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Why Do Tractors Blow Water Up and Out of Radiators? [How to Fix It Easily]

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Coolant blowing out of your tractor’s reservoir is usually not ideal! So we are here to teach why tractors blow water up out of the radiator. And better yet, we make some helpful and beginner-friendly repair suggestions.

Two farmers working on a broken tractor.

Don’t let a loss of coolant damage your tractor’s engine!

Instead, follow these tips.

What Causes Coolant to Come Out of the Reservoir?

Generally, coolant gets forced out of the reservoir by adding something. One of the most frequent culprits is exhaust gas creeping into the radiator by combustion pressure. Combustion pressure usually comes from one of the two following sources.

1. Cracked Head

A crack in the head allows combustion pressure to be forced into the water jacket, adding pressure to the system and pushing the coolant out of the reservoir.

2. Blown Head Gasket

A blown head gasket acts pretty much the same as a cracked head. It just costs much less to repair.

A relatively inexpensive block tester will tell you if exhaust gasses are present in your radiator coolant. Knowing for sure helps you know where to look.

Both a cracked head and blown head gasket are usually caused by overheating.

Ford Tractor Coolant Blowout | Tractor Leaking Coolant
Why do tractors blow water up out of the radiator? It depends. And working with old farm equipment can surprise you! For example – we studied this video from Yanasa TV about a tractor coolant blowout. The culprit? It was a loose fan that kept hitting the radiator hose regularly! The result impacted the coolant flow and made it look like the overflow tube broke. The broken fan was a surprisingly easy fix. But it revealed a host of other water pump and coolant tube issues! (Keeping the radiator clean was the least of their worries.)

Will the Radiator Pull Coolant From the Reservoir?

Radiator cap designs allow coolant to escape into the overflow reservoir under higher pressures. They will also allow coolant to be sucked into the radiator when needed. If you are unsure of the cause of your problem, change the radiator cap first. Easy and inexpensive!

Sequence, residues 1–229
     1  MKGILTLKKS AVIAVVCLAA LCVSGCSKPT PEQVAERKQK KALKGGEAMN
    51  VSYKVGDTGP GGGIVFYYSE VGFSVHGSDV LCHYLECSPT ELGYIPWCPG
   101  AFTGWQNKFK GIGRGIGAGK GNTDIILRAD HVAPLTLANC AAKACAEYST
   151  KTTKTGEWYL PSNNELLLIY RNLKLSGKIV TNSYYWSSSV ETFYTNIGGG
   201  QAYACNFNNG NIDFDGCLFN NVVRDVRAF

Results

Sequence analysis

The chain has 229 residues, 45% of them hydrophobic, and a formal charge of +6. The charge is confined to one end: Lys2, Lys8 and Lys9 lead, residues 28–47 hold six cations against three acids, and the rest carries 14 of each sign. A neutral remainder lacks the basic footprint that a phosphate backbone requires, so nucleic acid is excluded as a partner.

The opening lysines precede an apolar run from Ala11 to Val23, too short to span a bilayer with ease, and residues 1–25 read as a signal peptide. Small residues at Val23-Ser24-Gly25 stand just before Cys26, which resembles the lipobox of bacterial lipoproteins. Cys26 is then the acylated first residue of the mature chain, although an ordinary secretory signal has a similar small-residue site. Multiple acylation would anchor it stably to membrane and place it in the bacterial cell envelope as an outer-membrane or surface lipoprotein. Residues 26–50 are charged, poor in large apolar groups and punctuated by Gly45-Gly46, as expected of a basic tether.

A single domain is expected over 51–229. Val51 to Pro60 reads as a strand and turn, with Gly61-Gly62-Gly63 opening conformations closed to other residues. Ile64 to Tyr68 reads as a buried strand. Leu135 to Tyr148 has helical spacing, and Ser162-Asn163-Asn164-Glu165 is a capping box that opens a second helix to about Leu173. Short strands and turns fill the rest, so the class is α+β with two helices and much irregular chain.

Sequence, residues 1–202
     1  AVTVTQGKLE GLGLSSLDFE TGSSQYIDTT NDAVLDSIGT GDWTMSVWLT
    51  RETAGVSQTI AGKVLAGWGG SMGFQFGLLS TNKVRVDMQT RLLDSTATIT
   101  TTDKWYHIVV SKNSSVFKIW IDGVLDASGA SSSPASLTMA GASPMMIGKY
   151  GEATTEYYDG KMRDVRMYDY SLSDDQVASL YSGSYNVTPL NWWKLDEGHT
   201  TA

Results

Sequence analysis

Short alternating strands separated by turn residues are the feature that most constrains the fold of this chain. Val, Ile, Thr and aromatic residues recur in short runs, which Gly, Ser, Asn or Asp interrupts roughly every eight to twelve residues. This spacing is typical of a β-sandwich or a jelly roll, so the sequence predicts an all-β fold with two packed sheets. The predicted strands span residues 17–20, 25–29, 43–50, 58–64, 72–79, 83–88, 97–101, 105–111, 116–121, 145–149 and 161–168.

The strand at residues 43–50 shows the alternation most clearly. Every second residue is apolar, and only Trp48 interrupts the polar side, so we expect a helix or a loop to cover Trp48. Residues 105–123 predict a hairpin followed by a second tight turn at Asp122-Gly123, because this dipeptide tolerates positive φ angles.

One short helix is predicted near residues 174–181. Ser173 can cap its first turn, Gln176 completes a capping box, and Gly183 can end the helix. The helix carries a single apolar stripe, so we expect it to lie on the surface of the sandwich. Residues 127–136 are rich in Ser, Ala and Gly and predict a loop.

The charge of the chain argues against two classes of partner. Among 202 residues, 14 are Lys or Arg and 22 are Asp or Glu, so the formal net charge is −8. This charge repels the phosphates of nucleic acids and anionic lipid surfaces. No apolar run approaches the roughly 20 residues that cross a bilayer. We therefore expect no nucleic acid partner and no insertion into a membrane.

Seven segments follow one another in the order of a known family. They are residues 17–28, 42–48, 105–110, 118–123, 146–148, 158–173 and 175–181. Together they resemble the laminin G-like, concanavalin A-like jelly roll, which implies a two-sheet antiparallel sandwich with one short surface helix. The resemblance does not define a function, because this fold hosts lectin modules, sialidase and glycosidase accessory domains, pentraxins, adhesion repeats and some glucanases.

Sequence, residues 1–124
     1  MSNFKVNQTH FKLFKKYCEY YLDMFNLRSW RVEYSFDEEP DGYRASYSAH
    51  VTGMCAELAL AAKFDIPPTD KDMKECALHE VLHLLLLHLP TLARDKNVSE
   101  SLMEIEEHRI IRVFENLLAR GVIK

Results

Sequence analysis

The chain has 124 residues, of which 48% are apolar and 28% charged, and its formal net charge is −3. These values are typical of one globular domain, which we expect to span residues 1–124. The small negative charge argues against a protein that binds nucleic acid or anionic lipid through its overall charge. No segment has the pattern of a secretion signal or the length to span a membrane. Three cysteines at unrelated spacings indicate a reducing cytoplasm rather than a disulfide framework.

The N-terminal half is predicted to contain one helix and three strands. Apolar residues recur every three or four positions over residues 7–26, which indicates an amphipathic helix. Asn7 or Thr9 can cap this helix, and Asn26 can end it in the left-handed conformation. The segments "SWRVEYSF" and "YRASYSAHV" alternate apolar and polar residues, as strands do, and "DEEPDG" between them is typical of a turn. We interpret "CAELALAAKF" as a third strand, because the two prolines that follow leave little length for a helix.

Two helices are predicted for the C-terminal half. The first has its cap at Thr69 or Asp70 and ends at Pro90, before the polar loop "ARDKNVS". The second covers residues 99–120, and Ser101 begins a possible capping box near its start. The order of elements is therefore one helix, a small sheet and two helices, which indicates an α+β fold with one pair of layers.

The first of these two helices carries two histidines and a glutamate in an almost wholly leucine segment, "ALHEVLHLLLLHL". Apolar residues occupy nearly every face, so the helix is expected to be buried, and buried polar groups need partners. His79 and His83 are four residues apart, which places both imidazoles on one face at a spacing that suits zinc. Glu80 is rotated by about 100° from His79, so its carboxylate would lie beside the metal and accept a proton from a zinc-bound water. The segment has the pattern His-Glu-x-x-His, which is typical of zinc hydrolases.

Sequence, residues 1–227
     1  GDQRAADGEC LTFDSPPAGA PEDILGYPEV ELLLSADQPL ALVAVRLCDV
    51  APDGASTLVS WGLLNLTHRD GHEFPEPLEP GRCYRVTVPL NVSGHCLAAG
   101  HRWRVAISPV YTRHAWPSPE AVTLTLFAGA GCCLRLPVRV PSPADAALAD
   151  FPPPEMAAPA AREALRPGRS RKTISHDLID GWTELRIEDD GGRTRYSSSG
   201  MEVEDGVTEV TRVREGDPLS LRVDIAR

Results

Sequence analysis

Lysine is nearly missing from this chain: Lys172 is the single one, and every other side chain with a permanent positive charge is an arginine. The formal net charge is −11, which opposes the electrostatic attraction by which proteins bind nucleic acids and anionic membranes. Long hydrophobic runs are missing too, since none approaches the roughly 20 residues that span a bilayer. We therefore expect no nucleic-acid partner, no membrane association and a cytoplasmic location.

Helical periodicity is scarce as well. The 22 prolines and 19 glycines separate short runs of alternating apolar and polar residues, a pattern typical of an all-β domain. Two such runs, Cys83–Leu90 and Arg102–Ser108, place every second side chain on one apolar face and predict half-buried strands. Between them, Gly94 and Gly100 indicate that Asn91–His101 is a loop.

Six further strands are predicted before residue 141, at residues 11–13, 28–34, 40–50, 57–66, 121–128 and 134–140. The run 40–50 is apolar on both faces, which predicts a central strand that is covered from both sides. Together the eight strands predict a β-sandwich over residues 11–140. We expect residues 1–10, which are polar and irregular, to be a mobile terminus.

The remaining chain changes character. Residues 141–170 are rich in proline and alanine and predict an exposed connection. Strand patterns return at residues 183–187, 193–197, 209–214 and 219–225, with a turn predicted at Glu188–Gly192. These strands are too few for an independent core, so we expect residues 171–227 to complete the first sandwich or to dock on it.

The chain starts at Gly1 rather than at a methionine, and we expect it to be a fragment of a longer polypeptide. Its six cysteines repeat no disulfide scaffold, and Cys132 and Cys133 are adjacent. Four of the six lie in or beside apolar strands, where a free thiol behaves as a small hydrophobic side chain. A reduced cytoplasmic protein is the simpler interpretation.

Make sure you also check the hose for holes and cracks. Doing so keeps your radiator from sucking air.

This only works if your tractor has an overflow bottle. A lot of older systems don’t have an overflow bottle – and as a result, they don’t return. They do not pull coolant from the reservoir.

What Causes Excessive Pressure In a Radiator?

Cracked heads, blown head gaskets, and overheating can cause excessive pressure in the cooling system. The wrong radiator cap can also cause an overheating issue by not holding pressure, letting excessive coolant out. Also, not holding pressure lowers the boiling temperature.

(Check your owner’s manual to ensure you have the correct part.)

What Happens If There Is Too Much Coolant In the Reservoir?

Nothing much. Except for a puddle on the ground or floor. All reservoirs get built with an overflow. It’s a low-tech safety system.

What Causes Reservoir Coolant to Boil and Overflow?

If you have excess heat and your cooling system can’t keep up – there are a number of causes:

  • Cracked head
  • blocked radiator
  • Loose fan belt
  • No radiator shroud
  • Stuck thermostat
  • Non-sealing radiator cap
  • Etc.

When the water gets too hot in the cooling system, it expands. It has to go somewhere – it goes out through the overflow.

A radiator cap that is not sealing or holding pressure can cause water to boil at a lower temperature. Instead of holding water in under pressure, it lets it get pushed out of the overflow. You need the right amount of pressure in the radiator to keep the coolant in, and to prevent it from boiling too easily.

removing and checking the radiator cap on a garden tractor for annual maintenance
If your tractor blows water out of the radiator, the first thing to check is the radiator cap. Coolant leaks are also alarming and potential tractor head gasket symptoms. A new radiator cap could fix the issue if you’re lucky. But if your tractor engine still spits water through the overflow pipe when cooled and with a reliable radiator cap, then you may suspect a broken or cracked head gasket. (Yikes.)

What Happens When Air Gets Into the Cooling System?

Air in your cooling system can be the cause of your engine overheating. Generally, you only get air when you’re changing the coolant.

Here’s a tip to keep air out of your system when changing coolant or topping it off. Run the engine without the cap. As the coolant warms up, the thermostat will open up, allowing the coolant level to drop.

When that happens, fill your radiator to the top and replace the cap. Make sure that the overflow reservoir gets filled to the line.

Some engines have an air bleeding valve. It’s usually somewhere near the top of the cooling system. You may need to look in the owner’s manual to see if there is one on your tractor–and where you can find it.

Personal Tip About Cold Coolants – and Hot Radiators

Use caution when adding cold coolant to a hot radiator! If you pour it in really cold into a hot engine, you can get too big a temperature difference, which can potentially crack the head.

If you are doing this, pour it in slowly.

What Are the Signs of a Blown Head Gasket?

One of the sure signs of a blown head gasket is oil in the radiator or overflow reservoir. It usually appears as a brown mayonnaise-type substance. This goop develops via the high-speed blending of oil and water.